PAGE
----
Trade and Economic Implications of Low Level Presence and Asynchronous Authorizations of Agricultural Biotechnology Varieties: A Case Study in China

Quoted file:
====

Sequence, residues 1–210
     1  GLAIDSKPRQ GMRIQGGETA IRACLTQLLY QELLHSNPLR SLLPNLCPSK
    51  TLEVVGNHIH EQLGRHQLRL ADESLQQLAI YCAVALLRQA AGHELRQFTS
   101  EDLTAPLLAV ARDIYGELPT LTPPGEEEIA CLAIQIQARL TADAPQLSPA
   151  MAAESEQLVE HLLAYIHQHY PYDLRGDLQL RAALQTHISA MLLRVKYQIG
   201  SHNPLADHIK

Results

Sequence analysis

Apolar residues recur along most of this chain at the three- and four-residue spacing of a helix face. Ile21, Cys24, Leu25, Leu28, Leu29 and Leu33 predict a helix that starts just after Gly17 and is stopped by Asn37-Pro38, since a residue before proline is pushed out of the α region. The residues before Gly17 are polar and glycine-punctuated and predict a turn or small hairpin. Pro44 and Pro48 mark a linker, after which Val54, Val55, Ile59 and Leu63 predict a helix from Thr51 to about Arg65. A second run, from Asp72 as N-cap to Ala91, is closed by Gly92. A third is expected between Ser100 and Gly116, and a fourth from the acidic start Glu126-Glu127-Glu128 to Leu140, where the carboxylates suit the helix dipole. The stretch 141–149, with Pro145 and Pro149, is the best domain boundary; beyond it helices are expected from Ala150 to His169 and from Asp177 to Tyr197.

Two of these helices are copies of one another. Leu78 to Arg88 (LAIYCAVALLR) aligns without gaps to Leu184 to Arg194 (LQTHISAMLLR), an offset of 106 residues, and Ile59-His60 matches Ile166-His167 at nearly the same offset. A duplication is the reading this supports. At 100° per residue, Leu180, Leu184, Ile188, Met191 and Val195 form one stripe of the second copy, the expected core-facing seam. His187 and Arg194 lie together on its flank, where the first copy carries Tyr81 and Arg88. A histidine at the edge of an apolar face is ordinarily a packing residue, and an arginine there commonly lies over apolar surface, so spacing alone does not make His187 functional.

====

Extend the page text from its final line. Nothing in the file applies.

China has a biosafety regulatory framework in place for both domestic GM crop commercialization and imports. China imported about four times as many soybeans as it produced domestically in 2010 and is also expected to become a major importer of maize in the near future. Both China’s soybean and maize imports are dominated by GM varieties, with most soybean imported from the US, Brazil and Argentina and maize imported mainly from the US. China’s import approval process takes on average 2-3 years, and can only commence when a submitter for import approval has already received full regulatory approval in their country of origin, resulting in significant asynchronicity (for maize, for example, only 11 out of some 29 GM events authorized in the US had been approved in China by late 2010). The China paper indicates that trade disruptions due to China’s zero threshold approach to LLP could result in a slight increase in domestic maize price and large rise in soybean price, with knock-on effects on the livestock sector and overall social welfare, and also have repercussions in the export markets. The paper also points out that although China has commercialized several GM crops and has a significant number in the research and regulatory pipeline, it has so far not opted to seek approval of its GM crop events in any foreign country. This could lead to trade disruptions affecting Chinese rice exports, although these exports are declining, but also growing exports of processed rice products.
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